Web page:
Bankers have hailed the imminent trading of the Chinese yuan as a move that will help ease the demand for the US dollar in the country’s forex market.
They explained that the value of the cedi, which has plummeted in recent times as a result of the pressure put on it by traders’ demand for the dollar, will see some recovery when the yuan comes in — as businesses and traders dealing in the Sino-region will not need to convert to any major currency such as the dollar before transacting business.
In separate interviews with the B&FT, Daniel Asiedu, Chief Executive Officer of Zenith Bank, and Gilbert Hie, Managing Director of Societe Generale Bank, believe that trading of the yuan will assuage pressure on the cedi.
“Yuan trading is good. One of the factors contributing to the fall of the cedi against the dollar is that for every transaction you need to do, one has to first convert it to the dollar before any other currency. Meanwhile, most of our current imports come from China.
“So having a situation where I don’t have to go to dollar but straight to the yuan will help ease the pressure between the dollar and cedi,” Mr. Asiedu said.
The central bank has said it will soon allow the trading of the Chinese yuan in the country to reduce pressure on the dollar.
Dr. Benjamin Amoah, Head of Financial Stability at the BoG, has said that the Central Bank has made significant progress in getting the yuan into the country’s currency trading system.
“Work is far advanced in getting the yuan into the system because we have seen that it is needed — and demand always creates supply, so we are trying to make it available and we are working on it; very soon it will start. I don’t want to put a time on it.
“Currently, the demand is for the yuan because a lot of people go to China,” he added.
According to the Chinese Embassy in Ghana, trade volume between China and Ghana has been increasing year-on-year to hit a little over US$2billion for the first time in 2010. In 2012, China-Ghana trade volume rocketed to US$5.4billion while available data for the first nine months of 2013, show that trade between the two countries reached US$3.8billion.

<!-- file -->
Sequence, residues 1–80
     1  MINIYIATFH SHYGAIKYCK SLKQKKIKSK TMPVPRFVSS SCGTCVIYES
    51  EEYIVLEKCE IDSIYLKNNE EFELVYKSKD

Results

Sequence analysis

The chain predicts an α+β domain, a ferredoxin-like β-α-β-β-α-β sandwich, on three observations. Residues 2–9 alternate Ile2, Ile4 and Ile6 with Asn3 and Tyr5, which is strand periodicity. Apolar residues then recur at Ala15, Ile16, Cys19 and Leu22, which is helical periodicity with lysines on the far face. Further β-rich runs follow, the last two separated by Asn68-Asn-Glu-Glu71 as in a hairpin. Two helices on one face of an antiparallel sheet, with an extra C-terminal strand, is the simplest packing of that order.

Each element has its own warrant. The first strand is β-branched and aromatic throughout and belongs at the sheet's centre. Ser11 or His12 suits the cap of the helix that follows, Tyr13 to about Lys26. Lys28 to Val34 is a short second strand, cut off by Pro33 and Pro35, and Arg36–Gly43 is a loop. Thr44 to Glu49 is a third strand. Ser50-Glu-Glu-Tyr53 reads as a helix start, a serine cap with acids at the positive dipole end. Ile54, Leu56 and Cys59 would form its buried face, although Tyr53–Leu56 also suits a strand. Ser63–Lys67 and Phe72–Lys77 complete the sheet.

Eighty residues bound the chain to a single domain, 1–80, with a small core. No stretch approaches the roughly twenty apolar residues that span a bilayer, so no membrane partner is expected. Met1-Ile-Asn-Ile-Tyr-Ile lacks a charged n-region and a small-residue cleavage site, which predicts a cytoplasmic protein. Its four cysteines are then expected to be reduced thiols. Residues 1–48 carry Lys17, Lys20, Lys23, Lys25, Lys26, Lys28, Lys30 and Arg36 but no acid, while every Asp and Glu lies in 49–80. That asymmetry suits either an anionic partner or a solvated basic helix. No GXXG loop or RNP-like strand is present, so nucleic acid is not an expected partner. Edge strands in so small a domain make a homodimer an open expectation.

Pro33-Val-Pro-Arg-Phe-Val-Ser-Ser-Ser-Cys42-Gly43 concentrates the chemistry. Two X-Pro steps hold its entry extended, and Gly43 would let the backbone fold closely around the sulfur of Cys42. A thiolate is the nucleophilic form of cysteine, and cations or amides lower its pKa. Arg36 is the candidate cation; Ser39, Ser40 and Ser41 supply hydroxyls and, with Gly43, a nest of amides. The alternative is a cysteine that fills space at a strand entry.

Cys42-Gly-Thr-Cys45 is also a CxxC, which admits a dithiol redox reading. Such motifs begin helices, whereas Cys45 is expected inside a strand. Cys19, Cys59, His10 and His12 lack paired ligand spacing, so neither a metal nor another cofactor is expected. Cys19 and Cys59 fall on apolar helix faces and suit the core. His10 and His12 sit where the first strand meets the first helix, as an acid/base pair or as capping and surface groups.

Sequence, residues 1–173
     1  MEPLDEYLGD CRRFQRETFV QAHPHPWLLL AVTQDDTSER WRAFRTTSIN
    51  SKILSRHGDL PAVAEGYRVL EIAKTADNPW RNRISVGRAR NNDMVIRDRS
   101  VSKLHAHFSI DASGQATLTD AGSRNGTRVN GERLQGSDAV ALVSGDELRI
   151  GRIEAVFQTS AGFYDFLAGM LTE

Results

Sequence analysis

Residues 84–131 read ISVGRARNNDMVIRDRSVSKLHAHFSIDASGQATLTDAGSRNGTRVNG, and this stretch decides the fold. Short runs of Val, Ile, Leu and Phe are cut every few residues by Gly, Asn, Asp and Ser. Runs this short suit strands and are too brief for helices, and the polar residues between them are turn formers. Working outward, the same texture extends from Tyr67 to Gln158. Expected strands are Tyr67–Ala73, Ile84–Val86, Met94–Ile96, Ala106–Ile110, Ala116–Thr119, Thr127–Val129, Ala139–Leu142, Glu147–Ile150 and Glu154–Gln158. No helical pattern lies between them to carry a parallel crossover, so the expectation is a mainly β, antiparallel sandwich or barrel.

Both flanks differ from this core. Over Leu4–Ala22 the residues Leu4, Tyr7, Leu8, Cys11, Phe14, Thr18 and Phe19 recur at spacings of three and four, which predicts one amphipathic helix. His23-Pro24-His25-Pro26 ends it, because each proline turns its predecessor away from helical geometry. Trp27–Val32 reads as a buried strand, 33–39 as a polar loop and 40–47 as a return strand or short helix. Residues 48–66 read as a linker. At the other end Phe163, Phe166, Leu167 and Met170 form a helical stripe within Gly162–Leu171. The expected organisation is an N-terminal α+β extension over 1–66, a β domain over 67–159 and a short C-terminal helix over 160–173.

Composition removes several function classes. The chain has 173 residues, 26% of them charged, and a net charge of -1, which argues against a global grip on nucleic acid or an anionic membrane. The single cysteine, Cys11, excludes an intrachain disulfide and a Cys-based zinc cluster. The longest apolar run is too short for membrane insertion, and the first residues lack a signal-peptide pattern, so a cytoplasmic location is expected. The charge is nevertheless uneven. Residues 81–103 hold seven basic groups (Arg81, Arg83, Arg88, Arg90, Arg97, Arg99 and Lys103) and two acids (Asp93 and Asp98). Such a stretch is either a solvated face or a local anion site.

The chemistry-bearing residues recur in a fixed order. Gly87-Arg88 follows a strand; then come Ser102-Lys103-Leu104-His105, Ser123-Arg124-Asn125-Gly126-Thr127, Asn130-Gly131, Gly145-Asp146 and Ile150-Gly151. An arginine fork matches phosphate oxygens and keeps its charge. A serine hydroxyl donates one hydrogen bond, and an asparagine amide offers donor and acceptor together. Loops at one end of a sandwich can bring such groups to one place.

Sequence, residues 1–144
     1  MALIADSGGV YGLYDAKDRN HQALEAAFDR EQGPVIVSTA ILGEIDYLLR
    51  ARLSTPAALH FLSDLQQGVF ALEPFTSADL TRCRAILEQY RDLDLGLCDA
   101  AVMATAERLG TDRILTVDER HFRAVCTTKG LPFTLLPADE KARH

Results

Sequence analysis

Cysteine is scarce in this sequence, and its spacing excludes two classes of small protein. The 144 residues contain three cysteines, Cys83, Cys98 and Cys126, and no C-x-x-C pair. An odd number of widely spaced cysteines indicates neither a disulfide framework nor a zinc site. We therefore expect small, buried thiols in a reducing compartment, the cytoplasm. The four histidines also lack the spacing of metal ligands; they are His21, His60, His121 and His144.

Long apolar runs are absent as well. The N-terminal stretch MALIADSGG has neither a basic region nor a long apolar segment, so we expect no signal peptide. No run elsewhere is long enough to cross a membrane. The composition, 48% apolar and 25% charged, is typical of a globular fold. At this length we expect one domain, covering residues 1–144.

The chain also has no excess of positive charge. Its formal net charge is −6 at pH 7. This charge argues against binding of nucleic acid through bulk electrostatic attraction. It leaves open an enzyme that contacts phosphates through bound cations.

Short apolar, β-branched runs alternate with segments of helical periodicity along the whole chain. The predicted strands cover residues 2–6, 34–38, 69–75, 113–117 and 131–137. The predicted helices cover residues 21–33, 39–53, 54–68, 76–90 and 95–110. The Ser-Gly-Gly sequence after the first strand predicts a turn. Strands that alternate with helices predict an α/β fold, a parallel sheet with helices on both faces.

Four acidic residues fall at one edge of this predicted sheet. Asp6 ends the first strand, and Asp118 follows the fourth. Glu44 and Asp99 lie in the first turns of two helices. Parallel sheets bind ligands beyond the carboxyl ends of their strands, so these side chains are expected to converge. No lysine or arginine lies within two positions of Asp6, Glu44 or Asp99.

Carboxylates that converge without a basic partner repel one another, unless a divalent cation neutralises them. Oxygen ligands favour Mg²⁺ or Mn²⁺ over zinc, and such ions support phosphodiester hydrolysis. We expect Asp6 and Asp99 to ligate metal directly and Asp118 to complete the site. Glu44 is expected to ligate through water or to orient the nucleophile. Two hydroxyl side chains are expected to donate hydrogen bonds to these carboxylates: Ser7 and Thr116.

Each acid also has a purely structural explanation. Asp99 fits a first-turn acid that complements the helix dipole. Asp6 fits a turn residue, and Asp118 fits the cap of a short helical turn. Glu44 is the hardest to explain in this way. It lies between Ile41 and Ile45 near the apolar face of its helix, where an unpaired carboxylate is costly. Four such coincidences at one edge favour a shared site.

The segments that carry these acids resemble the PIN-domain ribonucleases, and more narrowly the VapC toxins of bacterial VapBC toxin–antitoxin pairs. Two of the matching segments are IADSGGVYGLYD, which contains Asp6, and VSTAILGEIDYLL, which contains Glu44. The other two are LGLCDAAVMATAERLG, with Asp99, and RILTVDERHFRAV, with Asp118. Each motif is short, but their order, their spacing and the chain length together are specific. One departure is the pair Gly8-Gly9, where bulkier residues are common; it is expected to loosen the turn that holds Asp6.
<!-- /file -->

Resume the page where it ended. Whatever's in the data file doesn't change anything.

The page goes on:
Meanwhile, the United States Department of Commerce has reported that goods traded between Ghana and the United States of America, which has been on the ascendency over the past decade, dropped for the first time from a little over US$1.6billion in 2012 to about US$1.4billion at the end of last year.
Already, some banks in the country have established relationships with Chinese banks in order to facilitate trade finance for their clients. Ecobank, for instance, has created a special Chinese desk in some of its branches.
Zenith Bank has also established a representative office in China. Societe Generale is also developing relationships with big Chinese companies.
Gilbert Hie, MD of Societe Generale said: “The government is very active in implementing the US$3billion transaction with China Development Bank, and we are also dealing with many Chinese companies like Sinopec, China Harbour who are very active in this country”.
He added that the bank will improve the organisation of its Chinese desk and will be recruiting Chinese nationals in order to take a bigger stake in this kind of project.
Mr. Hie believes that with Societe Generale’s strong presence in Asia and business relations with major Chinese companies, the yuan’s arrival is good for building synergy between Europe, Asia and Africa — especially in Ghana.
“It is an arbitrage against the dollar, but that doesn’t mean it will all of a sudden replace the dollar. It will start gradually but it will increase with time. Trading of yuan will show the Chinese that we are very serious with our economy and respect them as investors, and SG is ready,” he said.
Mr. Asiedu of Zenith Bank said the bank has organised its operations to commence trading in yuan as it already has a representative office in China.
“For us, the coming of the yuan is good. Currently, we cannot deal in yuan because it is not a convertible currency; but when the Central Bank allows for yuan trading, then we will open a yuan account with the Central Bank and route everything through our representative office in China,” he said.
On the global market, the yuan overtook the euro to become the second-most used currency in global trade finance after the dollar last year, according to the Society for Worldwide Interbank Financial Telecommunication (SWIFT).
The currency had an 8.66 percent share of letters of credit and collections in October, compared with 6.64 percent for the euro, SWIFT said in a statement. China, Hong Kong, Singapore, Germany and Australia were the top users of yuan in trade finance, according to the Belgium-based financial-messaging platform.
The yuan had the fourth-largest share of global trade finance in January 2012 with 1.89 percent, while the euro’s was the second-biggest at 7.87 percent, SWIFT said.
“It’s true that overseas exporters are using the renminbi — another name for the yaun — more as the contract currency to increase the attractiveness and competitiveness of goods or services sold to China,” said Cynthia Wong, the Hong Kong-based head of emerging-market trading for Singapore and Hong Kong at Societe Generale SA.
The US dollar led all currencies with an 81.08 percent share of letters of credit and collections in October, down from 84.96 percent in January 2012, according to data compiled by SWIFT. The yen slipped from the third most-used global currency to fourth over the same period, declining from a 1.94 percent share to 1.36 percent.